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UFC: The Face of Things to Come

April 15, 2011 by  
Filed under Special Features


UFCCry havoc and let slip the dogs of war. The Earth will tremble under the colossal weight of the approaching goliath that is the Ultimate Fighting Championship (UFC). The drums of battle will rumble throughout the city streets, as the various factions of modern-day samurai descend upon Toronto to engage in glorious battle. UFC 129 is coming to town, and there’s one thing that’s certain: it’s going to be big.

“I think it will be a benchmark event,” says Joe Ferraro, Rogers Sportsnet’s UFC analyst. Already, the sheer scale of UFC 129 has shattered the previous attendance record of just over 23,000, set at UFC 124 in Montreal, by selling 55,000 tickets and raking in $11 million. These figures will make the crowd at UFC 129 the biggest paid audience to ever witness a mixed martial arts (MMA) event in North America – a benchmark indeed.

The night’s card features Canadian favourite Georges (Rush) St-Pierre, defending his welterweight title against former Strikeforce middleweight champion Jake Shields in the main event; Hall-of-Famer and UFC legend Randy (The Natural) Couture takes on former light heavyweight champion Lyoto (The Dragon) Machida, and Canadian Mark Hominick has his eye on Jose Aldo’s featherweight title. In total, UFC 129 will feature 10 fighters hailing from the Great White North, giving the card a heavy Canadian presence.

The UFC’s long-awaited Ontario overture is set for April 30 at the Rogers Centre in Toronto. Initially, 42,000 tickets were posted on February 10 in a pre-sale for UFC Fight Club members, but were completely gone in under an hour. An extra 13,000 were made available for a second pre-sale on the 11th, but again vanished within minutes of going on sale, leaving only a handful available for the general public on the 12th. Tickets ranged from $50 – $800, depending on location. If, like many others, you missed out on getting tickets through the initial sales, there’s still plenty available online. StubHub currently has a number of tickets, ranging from $69 for nosebleeds to $5,199 for ringsides. If you’re feeling advantageous, there’s a suite available for $49,000, and two floors for just under $29,000.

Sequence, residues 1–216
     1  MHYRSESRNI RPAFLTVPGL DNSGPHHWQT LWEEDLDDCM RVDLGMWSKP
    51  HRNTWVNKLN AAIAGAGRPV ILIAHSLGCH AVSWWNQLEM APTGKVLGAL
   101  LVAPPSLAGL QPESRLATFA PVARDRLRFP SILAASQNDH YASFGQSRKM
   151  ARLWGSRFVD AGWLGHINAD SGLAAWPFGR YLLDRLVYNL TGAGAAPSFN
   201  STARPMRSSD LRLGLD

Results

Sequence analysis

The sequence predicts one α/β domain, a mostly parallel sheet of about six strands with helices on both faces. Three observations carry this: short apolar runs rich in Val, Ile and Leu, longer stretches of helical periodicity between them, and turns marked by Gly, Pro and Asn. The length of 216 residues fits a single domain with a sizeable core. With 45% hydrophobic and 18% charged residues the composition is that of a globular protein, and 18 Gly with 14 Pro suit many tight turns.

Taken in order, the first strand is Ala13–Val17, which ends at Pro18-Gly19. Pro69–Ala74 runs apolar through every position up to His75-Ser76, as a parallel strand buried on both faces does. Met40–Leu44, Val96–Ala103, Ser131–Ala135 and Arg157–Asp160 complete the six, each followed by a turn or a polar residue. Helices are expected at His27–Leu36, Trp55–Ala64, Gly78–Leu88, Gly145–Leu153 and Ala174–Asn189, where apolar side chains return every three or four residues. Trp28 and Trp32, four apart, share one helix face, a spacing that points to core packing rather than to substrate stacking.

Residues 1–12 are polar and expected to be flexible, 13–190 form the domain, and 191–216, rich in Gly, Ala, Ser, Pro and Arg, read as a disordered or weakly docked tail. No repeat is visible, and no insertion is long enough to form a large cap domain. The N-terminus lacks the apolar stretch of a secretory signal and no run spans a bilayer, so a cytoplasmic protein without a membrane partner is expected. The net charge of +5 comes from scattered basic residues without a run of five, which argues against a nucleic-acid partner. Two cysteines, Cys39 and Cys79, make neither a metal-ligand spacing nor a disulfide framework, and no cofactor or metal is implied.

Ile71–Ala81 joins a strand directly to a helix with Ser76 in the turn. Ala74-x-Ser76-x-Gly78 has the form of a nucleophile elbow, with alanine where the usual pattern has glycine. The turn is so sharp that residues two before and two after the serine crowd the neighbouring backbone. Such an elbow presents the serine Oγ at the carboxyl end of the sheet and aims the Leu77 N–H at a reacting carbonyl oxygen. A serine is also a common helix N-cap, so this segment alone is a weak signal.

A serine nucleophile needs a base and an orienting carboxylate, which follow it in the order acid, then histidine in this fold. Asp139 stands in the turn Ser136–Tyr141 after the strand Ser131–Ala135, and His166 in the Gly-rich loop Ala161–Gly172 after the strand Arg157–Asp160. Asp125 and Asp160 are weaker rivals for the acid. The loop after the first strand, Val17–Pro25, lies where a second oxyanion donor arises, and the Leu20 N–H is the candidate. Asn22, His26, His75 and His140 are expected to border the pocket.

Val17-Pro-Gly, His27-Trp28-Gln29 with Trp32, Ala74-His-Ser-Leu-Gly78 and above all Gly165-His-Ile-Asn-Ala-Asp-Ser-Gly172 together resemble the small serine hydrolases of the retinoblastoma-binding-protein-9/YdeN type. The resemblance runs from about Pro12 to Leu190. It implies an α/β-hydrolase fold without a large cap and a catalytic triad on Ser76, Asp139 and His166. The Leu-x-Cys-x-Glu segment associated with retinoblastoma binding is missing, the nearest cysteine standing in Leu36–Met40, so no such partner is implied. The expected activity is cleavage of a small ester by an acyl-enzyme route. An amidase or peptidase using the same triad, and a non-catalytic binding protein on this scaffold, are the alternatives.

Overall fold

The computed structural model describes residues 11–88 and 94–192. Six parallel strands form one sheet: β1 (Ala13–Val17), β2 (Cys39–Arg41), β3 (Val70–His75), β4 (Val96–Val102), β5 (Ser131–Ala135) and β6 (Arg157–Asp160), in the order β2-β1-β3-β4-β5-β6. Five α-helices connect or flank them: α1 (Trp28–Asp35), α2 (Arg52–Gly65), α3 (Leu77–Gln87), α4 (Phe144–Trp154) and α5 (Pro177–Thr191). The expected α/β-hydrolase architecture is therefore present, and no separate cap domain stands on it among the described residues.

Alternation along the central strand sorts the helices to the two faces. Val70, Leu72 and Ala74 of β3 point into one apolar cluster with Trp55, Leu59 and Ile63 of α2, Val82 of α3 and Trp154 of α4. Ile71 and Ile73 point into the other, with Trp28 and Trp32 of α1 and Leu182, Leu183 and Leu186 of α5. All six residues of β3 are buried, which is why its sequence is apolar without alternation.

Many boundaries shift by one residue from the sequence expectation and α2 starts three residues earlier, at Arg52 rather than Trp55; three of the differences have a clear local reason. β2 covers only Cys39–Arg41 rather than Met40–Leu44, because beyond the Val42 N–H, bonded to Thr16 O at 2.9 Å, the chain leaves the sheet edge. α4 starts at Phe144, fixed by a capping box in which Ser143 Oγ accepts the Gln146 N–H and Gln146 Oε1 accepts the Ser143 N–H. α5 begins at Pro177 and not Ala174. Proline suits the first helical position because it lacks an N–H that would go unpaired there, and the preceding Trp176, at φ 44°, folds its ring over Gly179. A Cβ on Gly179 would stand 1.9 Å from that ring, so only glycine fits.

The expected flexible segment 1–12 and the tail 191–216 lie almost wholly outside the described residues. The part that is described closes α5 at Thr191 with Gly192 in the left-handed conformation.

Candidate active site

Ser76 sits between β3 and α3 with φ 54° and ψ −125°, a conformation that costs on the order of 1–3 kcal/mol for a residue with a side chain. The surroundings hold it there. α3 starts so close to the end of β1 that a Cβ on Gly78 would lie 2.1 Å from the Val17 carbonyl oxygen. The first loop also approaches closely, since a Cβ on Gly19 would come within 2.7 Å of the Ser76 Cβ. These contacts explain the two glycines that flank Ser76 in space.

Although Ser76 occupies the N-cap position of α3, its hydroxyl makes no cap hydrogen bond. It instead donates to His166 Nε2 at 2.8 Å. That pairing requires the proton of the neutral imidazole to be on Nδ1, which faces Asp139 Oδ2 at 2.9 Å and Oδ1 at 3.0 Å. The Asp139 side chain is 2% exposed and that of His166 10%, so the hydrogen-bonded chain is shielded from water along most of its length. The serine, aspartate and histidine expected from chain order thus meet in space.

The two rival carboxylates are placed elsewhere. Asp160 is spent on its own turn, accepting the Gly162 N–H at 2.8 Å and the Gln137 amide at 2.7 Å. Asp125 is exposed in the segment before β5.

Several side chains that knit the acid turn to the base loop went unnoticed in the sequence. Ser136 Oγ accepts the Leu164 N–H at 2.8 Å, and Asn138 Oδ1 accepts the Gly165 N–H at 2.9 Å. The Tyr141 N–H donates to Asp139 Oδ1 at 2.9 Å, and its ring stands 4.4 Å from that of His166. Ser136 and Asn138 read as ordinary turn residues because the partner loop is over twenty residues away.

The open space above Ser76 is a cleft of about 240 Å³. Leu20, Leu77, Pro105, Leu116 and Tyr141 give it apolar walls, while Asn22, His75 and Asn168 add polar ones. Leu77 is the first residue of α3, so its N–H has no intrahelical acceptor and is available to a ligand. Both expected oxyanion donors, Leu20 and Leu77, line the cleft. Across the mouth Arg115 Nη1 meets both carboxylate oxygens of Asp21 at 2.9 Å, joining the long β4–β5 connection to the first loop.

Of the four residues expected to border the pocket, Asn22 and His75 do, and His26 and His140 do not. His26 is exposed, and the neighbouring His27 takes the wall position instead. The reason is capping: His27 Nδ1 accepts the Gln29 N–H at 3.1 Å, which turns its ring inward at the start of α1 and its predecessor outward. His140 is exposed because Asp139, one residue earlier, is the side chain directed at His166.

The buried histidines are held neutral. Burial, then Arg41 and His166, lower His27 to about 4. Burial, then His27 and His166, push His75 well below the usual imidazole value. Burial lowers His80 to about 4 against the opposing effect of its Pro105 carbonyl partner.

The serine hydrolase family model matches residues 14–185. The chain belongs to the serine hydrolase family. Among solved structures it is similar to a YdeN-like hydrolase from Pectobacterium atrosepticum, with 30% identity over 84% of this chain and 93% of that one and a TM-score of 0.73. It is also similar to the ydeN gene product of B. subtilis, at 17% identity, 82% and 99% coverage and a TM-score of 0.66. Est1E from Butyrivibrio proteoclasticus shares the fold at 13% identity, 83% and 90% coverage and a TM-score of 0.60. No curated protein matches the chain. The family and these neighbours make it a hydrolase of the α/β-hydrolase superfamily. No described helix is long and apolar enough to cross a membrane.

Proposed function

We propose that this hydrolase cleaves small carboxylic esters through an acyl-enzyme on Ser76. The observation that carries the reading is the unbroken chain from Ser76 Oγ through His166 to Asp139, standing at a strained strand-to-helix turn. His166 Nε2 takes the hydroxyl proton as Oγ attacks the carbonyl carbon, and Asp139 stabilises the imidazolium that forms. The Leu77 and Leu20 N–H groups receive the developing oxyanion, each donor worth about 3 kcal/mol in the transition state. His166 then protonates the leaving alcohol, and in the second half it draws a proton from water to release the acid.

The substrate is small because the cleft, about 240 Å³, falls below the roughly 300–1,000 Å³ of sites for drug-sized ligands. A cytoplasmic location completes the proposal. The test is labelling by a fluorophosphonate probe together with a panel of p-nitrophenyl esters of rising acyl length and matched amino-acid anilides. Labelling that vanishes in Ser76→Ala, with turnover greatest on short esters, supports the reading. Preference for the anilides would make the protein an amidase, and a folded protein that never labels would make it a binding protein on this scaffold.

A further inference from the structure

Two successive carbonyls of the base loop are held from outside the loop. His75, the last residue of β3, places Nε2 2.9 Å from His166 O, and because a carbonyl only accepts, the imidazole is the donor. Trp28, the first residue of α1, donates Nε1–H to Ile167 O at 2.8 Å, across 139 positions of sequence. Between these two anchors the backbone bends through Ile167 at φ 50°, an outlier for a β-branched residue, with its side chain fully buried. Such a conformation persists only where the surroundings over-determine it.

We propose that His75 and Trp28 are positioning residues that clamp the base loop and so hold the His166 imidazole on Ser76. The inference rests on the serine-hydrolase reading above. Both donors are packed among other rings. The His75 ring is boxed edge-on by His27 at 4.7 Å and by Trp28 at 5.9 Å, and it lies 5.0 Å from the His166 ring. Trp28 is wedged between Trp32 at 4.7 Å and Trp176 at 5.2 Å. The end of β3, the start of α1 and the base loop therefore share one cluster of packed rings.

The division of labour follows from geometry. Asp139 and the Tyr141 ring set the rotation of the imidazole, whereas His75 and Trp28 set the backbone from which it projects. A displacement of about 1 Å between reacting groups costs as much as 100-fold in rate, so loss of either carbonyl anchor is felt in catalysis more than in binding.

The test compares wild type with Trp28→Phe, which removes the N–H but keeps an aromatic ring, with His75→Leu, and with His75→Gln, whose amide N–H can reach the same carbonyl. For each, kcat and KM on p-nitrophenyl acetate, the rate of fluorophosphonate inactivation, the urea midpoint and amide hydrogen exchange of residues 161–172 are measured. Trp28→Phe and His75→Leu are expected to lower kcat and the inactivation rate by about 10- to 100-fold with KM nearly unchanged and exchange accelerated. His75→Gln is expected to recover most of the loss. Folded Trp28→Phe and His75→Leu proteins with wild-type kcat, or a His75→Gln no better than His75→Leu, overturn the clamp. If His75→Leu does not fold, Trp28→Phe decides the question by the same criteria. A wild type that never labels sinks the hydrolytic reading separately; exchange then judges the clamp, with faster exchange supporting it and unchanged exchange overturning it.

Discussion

Not only is this the first time the UFC has ever been showcased in Ontario, it’s also like the UFC’s title shot. Sure, the UFC is shown in 354 million homes in 145 countries around the globe. Yes, it’s the fastest-growing sports organization in the world. And, of course, after purchasing Pride Fighting Championship, World Extreme Cagefighting and Strikeforce, it’s easily the world’s leading MMA promoter. But never before has an UFC event been held in a stadium with a crowd of this magnitude. Attendance for most events floats around 15,000 give or take, and the last three UFC events have only brought in a gate of just over $9 million combined. The success of UFC 129 will undoubtedly shape how fans enjoy the sport for years to come.